Close this search box.

The FAA Outage and the “Cyber Resiliency Gong” That Businesses Need to Hear

Avatar photo
Art Ocain


Airiam Field CISO and CIO Art Ocain discusses yesterday’s FAA outage in this short clip. In the video, he looks at how the situation illustrates the dangers of technical debt building up, complex legacy systems, poor documentation, improper backup management, and lack of cyber resiliency planning.

Danger of Technical Debt

In recent years, there have been a number of methodologies developed such as site reliability engineering, devops, and cyber resiliency engineering that could have helped the FAA reduce its risk. It is worth noting that the FAA likely had a significant amount of technical debt. Technical debt refers to outdated and fragile systems that are not properly documented or set up. Often, these systems are neglected because individuals are too busy working on new projects. However, these systems still require maintenance, updates, and changes, and they may be crucial to the infrastructure. This neglect can create a vulnerability if there is a failure in the hardware or software and it is not addressed. The FAA outage is an example of how technical debt can impact an organization and its operations.

Backups and Resilience

The FAA outage highlights the need for appropriate resilience strategies. It is apparent that the FAA did not have a plan in place to handle the outage, lacking redundancy, automation, and proper documentation. The slow and difficult recovery process suggests inadequate documentation, damage assessment, monitoring, and root cause analysis capabilities, as well as a lack of simplicity. Simplicity is crucial for resilience as it makes recovery easier in case of an incident. Furthermore, it seems that the FAA had no effective immutable backup or restore methods in place or the restore method was too slow, making it a last resort for recovery rather than a reliable solution.

Learn From the FAA Outage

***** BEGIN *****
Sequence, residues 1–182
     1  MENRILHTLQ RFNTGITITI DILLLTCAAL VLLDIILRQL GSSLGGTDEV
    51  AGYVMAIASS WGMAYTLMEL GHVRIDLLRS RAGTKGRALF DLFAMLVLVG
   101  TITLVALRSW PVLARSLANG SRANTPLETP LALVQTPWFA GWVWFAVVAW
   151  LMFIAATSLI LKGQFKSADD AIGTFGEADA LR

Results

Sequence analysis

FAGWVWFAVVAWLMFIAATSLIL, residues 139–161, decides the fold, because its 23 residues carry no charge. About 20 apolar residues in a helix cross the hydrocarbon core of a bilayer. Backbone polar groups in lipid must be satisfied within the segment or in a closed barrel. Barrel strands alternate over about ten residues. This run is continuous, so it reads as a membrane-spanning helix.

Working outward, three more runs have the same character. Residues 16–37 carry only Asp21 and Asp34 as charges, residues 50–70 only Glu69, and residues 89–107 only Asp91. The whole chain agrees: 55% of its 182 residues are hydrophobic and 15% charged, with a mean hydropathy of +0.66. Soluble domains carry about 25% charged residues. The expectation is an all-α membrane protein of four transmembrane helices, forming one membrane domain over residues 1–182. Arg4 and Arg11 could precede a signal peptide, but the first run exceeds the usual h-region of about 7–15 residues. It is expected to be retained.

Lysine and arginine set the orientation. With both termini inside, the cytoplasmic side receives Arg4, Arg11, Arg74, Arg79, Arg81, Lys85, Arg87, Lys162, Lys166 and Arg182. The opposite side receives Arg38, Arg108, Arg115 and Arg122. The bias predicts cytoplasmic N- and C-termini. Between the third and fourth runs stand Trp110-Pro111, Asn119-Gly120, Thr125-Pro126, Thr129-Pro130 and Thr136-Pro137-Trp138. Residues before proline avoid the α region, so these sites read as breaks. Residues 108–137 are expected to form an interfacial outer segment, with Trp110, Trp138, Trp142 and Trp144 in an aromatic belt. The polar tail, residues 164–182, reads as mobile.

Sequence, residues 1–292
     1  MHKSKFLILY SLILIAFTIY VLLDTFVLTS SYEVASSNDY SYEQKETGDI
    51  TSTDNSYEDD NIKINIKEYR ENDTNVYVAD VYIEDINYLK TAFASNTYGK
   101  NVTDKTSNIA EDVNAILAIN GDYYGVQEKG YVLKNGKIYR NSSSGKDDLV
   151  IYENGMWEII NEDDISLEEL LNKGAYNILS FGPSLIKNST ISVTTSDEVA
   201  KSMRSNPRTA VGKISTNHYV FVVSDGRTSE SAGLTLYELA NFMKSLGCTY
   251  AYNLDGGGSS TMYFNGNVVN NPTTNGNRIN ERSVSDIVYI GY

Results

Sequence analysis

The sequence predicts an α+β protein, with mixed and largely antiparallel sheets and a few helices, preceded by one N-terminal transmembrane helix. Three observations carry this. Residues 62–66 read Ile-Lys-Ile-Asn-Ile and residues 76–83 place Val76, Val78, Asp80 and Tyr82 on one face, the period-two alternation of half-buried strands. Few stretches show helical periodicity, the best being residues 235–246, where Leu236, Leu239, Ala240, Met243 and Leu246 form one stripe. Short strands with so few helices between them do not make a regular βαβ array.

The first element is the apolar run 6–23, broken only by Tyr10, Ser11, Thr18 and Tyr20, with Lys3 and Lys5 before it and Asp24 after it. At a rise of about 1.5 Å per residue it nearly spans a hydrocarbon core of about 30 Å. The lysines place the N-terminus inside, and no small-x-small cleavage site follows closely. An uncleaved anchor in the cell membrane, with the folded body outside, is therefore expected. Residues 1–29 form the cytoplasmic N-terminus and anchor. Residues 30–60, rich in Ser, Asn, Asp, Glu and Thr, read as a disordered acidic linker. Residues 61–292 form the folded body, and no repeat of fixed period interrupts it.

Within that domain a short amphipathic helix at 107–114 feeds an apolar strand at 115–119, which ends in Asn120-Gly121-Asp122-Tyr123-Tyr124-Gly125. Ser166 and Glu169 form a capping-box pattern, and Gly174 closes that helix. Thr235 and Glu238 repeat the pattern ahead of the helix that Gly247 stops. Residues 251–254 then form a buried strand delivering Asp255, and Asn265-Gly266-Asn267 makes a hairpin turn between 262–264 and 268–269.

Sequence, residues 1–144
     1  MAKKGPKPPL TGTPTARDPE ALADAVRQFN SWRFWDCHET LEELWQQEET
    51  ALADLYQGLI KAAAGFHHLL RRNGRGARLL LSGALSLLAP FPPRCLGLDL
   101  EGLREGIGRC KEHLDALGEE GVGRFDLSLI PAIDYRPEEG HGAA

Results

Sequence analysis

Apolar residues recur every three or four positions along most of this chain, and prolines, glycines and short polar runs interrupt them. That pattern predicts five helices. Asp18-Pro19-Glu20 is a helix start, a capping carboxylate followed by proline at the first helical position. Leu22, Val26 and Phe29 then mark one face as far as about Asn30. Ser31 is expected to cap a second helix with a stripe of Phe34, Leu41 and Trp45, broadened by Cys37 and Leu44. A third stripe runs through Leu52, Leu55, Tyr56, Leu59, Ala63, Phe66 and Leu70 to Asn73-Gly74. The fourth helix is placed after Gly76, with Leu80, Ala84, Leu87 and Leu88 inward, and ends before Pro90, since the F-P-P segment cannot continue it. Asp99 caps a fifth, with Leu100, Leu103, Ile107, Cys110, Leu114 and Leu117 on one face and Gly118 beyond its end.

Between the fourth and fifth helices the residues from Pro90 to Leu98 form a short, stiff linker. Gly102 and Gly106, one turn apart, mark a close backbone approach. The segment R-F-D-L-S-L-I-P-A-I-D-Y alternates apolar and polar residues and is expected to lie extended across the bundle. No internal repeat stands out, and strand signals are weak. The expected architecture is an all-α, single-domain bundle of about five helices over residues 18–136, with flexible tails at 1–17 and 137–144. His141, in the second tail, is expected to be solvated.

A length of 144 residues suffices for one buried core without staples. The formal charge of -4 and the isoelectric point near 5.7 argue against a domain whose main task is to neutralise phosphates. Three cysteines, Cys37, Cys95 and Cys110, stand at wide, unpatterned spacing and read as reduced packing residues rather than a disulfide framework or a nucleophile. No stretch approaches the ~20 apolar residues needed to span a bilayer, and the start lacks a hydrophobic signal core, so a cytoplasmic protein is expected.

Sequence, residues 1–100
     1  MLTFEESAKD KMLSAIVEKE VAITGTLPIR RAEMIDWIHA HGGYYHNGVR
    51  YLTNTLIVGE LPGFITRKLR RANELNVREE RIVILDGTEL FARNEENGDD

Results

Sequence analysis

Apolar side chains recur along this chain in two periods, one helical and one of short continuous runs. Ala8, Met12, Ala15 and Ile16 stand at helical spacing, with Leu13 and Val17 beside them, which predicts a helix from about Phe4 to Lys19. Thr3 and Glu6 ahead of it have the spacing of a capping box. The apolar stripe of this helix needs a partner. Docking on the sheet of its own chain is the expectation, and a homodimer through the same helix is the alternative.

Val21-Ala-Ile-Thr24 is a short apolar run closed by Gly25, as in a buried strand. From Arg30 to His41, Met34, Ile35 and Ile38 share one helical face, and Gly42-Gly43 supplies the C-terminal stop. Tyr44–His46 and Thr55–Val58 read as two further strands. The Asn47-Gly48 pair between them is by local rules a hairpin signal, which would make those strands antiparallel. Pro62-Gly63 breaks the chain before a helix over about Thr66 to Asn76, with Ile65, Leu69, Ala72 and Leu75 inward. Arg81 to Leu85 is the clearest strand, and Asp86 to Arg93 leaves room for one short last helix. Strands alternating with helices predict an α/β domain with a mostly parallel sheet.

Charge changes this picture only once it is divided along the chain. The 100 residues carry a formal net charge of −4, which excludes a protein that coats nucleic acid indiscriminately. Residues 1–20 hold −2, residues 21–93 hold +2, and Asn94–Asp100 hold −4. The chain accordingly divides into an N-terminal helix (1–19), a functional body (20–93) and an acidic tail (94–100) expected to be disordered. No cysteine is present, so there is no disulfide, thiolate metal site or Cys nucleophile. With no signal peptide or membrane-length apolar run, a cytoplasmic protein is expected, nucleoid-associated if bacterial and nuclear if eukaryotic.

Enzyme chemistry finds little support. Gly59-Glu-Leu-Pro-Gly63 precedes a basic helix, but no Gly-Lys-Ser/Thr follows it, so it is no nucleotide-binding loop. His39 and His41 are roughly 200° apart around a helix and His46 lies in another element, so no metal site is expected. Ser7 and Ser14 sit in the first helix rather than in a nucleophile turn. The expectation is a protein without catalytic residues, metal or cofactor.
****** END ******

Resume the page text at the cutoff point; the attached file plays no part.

What impacted aviation in a massive way yesterday should not be seen as an outlier. These issues also plague small and medium sized businesses. This means the lessons learned from the FAA situation can be applied to other organizations too. Organizations should allocate resources towards addressing technical debt, and ensure resilience for fragile systems, critical infrastructure, and key assets of the organization. It is crucial for organizations to objectively evaluate what is most important to them and build resiliency in those areas.

In Airiam’s first-ever live webinar on February 1st, Art will cover the ways companies can improve their cyber resilience and be ready. Do not let your operation suffer an outage like the FAA’s. Register for the webinar now to get started.

New Resources In Your Inbox

Get our latest cybersecurity resources, content, tips and trends.

Other resources that might be of interest to you.

How to Recover From a Ransomware Attack with Immutable Backups

Ransomware attacks have been on the rise over the last decade, and businesses have failed to find a one-size-fits-all approach to eliminating the threat. Prevention is better than cure, but with criminal hackers are tenacious and flexibility, it’s not
Jesse Sumrak
>>Read More

Office 365 Working with OpenDNS

Office 365 Working with OPENDNS We ran into some issues the other day with our client running Office365. Activation and a few other issues due to OpenDNS Enterprise running on their network. We worked with support and got the full list of domains to wh
Avatar photo
Anthony Lewis
>>Read More

Customer Success Story: Noble Biomaterials

 Airiam Supporting Innovation When most people think of silver, they don’t think of clothes. Noble Biomaterials found this void in the market and focused on selling silver fiber technology for its antimicrobial and conductive properties. Exempt from pa
Vivian Lee
>>Read More